Avicenna’s AMG pharmacy has implemented a number of savvy business initiatives. Laura Husband visited the pharmacy to see how it is using them to fend off competition

Avicenna’s AMG Pharmacy in Essex has a crisp, clinical green frontage with a large checklist of all that the store has to offer. Once inside a customer can choose from a large OTC offering and ask for discreet, professional advice in a private consulting room.

The shop is situated on a main road just outside Braintree town centre and is only a short walk away from the local doctor’s surgery, making it an ideal spot for attracting local passers-by.

As with any business, competition is only a stone’s throw away. In AMG Pharmacy’s case, it’s the major supermarket that is just around the corner and other pharmacies only a few minutes down the road.

Independent pharmacy support group Avicenna, which owns the pharmacy, is keen to trial new initiatives that turn negatives into positives and the pharmacy team is already championing some great examples of how this can be done.

AMG Pharmacy manager Nemesh Patel has worked at the pharmacy for several months and has already implemented Avicenna initiatives and is introducing his own ideas as well.

He believes you must find ways to deal with the opposition and provide more services if you want to compete with other pharmacies.

With Avicenna’s backing, he encouraged staff to go onto the streets to get AMG Pharmacy’s voice heard. The staff told people about the store’s unique selling points and what it can offer them.

Extra revenue stream

One unique selling point is offering a range of patient group directions (PGDs) services. These are a double-win for the pharmacy and for the community because they provide extra revenue for the business and give more scope to help local patients when they are most in need.

‘The benefit for us having PGDs is that we can still get medication to the patient when the GP surgery is shut,’ Mr Patel explains.

The pharmacy offers anti-malarial and erectile dysfunction services as PGDs, which are popular.

‘The PGD services are priced in a way that saves patients money so we have lots of marketing material and posters in the pharmacy to highlight that these services are available and we discuss the benefits with patients,’ he says.

‘The PGDs are a fantastic way of really meeting our patients’ healthcare needs in a timely manner and we have received great feedback on our PGD clinic so far. Patients appreciate the fact that pharmacists are able to provide medication that was once prescription-only and could only be received after having seen a doctor.’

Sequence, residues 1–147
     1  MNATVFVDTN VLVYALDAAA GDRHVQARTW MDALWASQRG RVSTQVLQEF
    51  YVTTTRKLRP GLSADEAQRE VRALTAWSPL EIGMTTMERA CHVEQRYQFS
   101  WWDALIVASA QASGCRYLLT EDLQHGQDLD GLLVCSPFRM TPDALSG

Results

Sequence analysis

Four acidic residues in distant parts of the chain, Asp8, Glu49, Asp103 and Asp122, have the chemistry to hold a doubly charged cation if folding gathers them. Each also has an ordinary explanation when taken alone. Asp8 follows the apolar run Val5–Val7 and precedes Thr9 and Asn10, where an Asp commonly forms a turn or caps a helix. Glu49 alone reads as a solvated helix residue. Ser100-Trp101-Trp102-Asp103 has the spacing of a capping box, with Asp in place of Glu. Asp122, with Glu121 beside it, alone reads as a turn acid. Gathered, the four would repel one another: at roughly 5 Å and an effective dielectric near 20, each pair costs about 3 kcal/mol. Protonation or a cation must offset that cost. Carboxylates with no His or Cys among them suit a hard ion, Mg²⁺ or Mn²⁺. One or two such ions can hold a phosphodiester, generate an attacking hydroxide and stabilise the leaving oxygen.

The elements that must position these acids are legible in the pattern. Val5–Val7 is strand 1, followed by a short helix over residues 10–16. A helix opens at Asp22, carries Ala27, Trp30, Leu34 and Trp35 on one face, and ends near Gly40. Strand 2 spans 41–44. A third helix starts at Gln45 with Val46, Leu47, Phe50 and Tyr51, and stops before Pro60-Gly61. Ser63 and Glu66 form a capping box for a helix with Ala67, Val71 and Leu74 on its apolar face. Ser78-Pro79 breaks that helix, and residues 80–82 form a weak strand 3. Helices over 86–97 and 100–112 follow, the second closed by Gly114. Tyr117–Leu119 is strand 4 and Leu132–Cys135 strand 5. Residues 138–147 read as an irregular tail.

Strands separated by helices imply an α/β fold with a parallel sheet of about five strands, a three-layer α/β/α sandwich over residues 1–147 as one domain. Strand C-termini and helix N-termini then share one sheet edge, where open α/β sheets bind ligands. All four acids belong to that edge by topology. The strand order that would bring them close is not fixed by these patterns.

The pharmacy team always aims to give the public good customer service and to meet customers’ needs by introducing new PGDs, as well as offering a Lipotrim weight management service, free blood pressure checks, BMI monitoring and a free delivery service.

A helping hand

Mr Patel and Avicenna are firm believers in tailoring pharmacy services to match local needs.

On the busy market day, Avicenna optimises this upturn in footfall by ensuring a pharmacist is always free to talk to the customers and help them manage their acute and chronic conditions, be that checking inhaler techniques or insulin administration techniques, while the dispensary continues to deliver a fast and efficient turnover of prescriptions. ‘This is the foundation of our success – organisation and teamwork. This is why AMG pharmacy has stood the test of time and has such a popular following within the local community,’ he explains.

Business acumen

Mr Patel says it is the business aspect of working in pharmacy that drives him as an individual, and when he first started at AMG Pharmacy he put his business acumen into practice by conducting a SWOT (strengths, weaknesses, opportunities and threats) analysis on the store.

‘It’s about going in with fresh eyes and doing an appraisal of a business’s strengths, threats and the opportunities that are available. It was about using my own professional experience to make better and more accurate decisions.’

He will be doing a follow-up soon to see if he has turned the weaknesses into strengths and made the most of the store’s opportunities.

‘By putting in the hard work, you reap the benefits later. It’s about efficiency and organisation and making growth for the company,’ he says.

Conduct a SWOT analysis

  • Discover the strengths, weaknesses, opportunities and threats in your pharmacy by conducting your own SWOT analysis.
  • Divide a sheet of paper into four boxes with strengths and opportunities listed on the left- hand side and weaknesses and threats listed on the right.
  • If a high percentage of patients are on proactive care systems and you provide delivery services to patients, these would be listed in the strengths box. Another pharmacy located close by would be listed in the threats box.
  • What opportunities are there in your local area? Is there a care home nearby and could you deliver there? Could you do healthy living events in the local community?
  • Give yourself six months to be proactive and turn the negative points into positive ones. If you are unsure ask customers what you can do to improve the service you give them, because, as Mr Patel says, ‘Listening to your customers’ needs is key to running a successful pharmacy.’

 

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